At the announcement, 11 year old Ruthan Hart, Ms. G/K Distributors was awarded second runner up. Her prizes included a gift courtesy of Ms. Perdie Newman and $2,000 courtesy of Alumina partners of Jamaica (Alpart) while first runner-up Natanne Barrett who also won the sectional prize for the most talented contestant won prizes of $3,000 from Alpart, a gift, courtesy of Kay Dyzne and $1,000 courtesy of Burke's Dry Clean.

The Mini Miss St. Elizabeth who was also awarded for the contestant with the best poise and posture, won a cash prize of $5,000 courtesy of Alpart, weekend for four at Point Village Resort and a gift from Hind's Restaurant. In addition to a $1,000 cash from Smith Furniture for her sectional prize.

The other contestants were: Rochelle Fletcher, Ms. Central Electronics who was also the "most aware" contestant, Tiantia Murray, Ms. Eviction Bar, Shanique Wright, Ms. Middle Quarter Police Youth Club, Suzanne Rankine, Ms. Riverside Dock, Rasia Williams, Ms. Ace Wireless/Digicel, Nickeisha Bailey, Ms. Bennetts Garage, Shelly-Ann Wright, Ms. Tiny Tots and Tamar Mullings Ms. Waterloo Guest House.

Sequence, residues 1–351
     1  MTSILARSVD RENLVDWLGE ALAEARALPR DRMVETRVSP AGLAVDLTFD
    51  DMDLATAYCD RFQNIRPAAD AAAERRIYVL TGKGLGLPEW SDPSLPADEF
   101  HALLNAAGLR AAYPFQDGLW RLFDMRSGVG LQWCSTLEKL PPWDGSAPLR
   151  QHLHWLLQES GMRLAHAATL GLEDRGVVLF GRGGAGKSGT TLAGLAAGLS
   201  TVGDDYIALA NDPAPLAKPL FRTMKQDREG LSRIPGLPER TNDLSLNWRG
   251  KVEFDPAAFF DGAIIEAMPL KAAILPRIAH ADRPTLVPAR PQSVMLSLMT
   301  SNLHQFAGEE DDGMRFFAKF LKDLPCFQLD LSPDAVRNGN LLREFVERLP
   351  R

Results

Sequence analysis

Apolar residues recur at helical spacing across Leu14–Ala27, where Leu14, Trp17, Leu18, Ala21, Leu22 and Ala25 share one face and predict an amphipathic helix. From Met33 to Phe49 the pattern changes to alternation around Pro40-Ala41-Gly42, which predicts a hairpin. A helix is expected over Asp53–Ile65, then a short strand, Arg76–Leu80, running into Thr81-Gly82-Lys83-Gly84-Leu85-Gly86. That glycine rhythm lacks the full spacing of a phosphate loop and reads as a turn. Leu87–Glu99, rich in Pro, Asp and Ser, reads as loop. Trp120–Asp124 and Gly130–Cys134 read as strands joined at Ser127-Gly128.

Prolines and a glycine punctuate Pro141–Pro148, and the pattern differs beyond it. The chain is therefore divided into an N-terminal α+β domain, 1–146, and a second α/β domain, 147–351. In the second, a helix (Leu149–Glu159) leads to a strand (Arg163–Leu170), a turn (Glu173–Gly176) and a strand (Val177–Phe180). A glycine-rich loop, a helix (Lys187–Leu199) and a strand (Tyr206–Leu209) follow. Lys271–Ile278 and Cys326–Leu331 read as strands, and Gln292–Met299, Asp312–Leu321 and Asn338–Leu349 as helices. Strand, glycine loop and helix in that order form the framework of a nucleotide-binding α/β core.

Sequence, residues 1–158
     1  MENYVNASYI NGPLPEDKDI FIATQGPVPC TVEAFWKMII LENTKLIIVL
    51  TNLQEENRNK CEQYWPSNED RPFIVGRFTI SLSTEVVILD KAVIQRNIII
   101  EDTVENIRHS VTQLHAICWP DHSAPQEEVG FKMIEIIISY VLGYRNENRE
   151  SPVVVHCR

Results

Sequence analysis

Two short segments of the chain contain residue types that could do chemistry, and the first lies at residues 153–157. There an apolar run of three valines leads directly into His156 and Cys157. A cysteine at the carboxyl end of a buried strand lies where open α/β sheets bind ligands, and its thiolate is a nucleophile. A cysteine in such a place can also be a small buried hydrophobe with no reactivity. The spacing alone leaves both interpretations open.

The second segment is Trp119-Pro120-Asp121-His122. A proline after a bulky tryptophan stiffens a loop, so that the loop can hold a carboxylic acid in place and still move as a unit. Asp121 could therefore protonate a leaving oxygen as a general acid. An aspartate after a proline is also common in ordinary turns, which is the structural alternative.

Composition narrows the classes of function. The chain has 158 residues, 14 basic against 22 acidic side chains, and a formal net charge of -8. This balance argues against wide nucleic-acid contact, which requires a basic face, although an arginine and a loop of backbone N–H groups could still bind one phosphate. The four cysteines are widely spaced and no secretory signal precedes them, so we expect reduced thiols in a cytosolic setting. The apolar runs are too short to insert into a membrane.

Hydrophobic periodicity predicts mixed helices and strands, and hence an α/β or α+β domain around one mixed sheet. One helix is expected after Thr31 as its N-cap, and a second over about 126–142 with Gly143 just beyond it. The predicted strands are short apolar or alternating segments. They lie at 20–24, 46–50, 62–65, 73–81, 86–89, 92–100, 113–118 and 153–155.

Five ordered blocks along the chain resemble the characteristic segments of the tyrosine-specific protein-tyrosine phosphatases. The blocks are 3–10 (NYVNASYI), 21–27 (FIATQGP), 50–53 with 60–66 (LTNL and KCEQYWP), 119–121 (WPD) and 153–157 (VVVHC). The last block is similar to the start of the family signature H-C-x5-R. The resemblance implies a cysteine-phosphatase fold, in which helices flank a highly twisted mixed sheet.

Enfield Skills Training Centre Graduates Thirty

Some 30 young persons received certificates from the Enfield Skills Training Centre in Westmoreland at the graduation ceremony recently. The young men and women, who are ready to enter the world of work, received specialized training in housekeeping and food preparation.